FCA: We mustn’t lock out inefficient properties from the market
The Financial Conduct Authority has warned mortgage lenders not to adopt a ‘blinkered approach’ and exclude non-energy efficient properties from the market.
David Geale, director of retail banking at the regulator, spoke at the London Institute of Banking & Finance mortgage conference about the growth and potential of green mortgages.
‘Green mortgages’ work by offering a lower rate for properties with a strong EPC rating, or an incentive for homeowners to upgrade their properties.
He said: “While there is massive opportunity here, there are also several inherent risks. I’ve already mentioned how significant emissions from mortgaged homes are to lenders’ decarbonisation strategies, and those lenders could face a variety of issues if they fail to hit those targets – reputational or otherwise.
“If lenders fail to develop credible plans to meet their stated decarbonisation targets, we are likely to take a very dim view – and it could be perceived by the market as yet another example of greenwashing.
“Lenders adopting a blinkered approach and targeting only to the most efficient properties would have the unintended consequence of making it difficult, or very expensive, to secure a mortgage for properties with lower energy efficiency, even if those properties could be significantly upgraded.
“It would also penalise those homeowners who are not currently able to make those improvements without help, and may become – or already be – vulnerable.”
Some 60% of the UK’s housing stock still has an EPC rating of D or below.
Geale added: “There is also a separate risk that innovation in products and incentives could run ahead of consumer demand.
“Our workshop discussed various ways to mitigate this problem, for instance, making the incentives on offer more readily useful and useable. Many people use every last penny they have to simply buy a home, pay the legal fees, stamp duty, removals, and essential furnishings. It may not be practical or feasible to borrow additional money to fund energy efficiency when they first move in.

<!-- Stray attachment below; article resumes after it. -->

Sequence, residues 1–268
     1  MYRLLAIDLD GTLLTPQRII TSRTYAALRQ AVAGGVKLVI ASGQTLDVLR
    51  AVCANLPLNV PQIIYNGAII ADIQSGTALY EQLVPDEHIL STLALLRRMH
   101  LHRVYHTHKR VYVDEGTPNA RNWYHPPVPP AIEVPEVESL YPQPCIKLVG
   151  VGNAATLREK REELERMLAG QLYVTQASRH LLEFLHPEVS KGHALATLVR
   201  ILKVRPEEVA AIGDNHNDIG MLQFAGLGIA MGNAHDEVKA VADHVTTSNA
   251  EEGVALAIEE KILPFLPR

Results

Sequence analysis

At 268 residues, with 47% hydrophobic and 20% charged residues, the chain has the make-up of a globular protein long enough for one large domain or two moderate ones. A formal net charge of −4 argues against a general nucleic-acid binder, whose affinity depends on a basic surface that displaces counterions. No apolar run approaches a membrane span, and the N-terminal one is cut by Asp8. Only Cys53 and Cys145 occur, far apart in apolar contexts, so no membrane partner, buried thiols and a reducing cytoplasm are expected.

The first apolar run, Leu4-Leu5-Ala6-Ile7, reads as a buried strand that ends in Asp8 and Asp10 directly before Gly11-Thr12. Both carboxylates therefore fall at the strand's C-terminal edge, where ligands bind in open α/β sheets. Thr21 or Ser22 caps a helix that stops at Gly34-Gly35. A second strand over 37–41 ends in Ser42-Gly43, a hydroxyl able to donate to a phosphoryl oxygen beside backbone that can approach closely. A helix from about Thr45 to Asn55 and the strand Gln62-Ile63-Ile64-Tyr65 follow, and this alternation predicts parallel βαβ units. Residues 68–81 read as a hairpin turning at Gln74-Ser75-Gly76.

“It also takes time to adjust to a new home, and several seasons may be needed before you can decide whether a solar panel on the roof is the best option, a ground source heat pump, or loft insulation.
“And, to help address this issue, we’re now seeing some green mortgages emerging where the incentives are available at any point in the lifetime of a mortgage, meaning lenders can help borrowers decarbonise their home as and when they are ready – rather than only being available at the point of taking out a mortgage, which may be the least practical or affordable time for many.”
Trudy Woolf, sustainability director of Legal & General Surveying Services, said: “It is fantastic to see the FCA reaffirm its commitment to sustainability and green home finance, noting ‘rapid development’ in this area.
“However, brokers and lenders must also prioritise their sustainability efforts if we are to see substantial and long-term gains in decarbonising the UK’s housing stock.
“Despite all the positive discussions within our industry, customer awareness, education, and understanding of green mortgages also remains low, meaning that green mortgages hold huge untapped potential.
“Our industry must plug the education gap if we are to decarbonise the industry and create a better future for all.”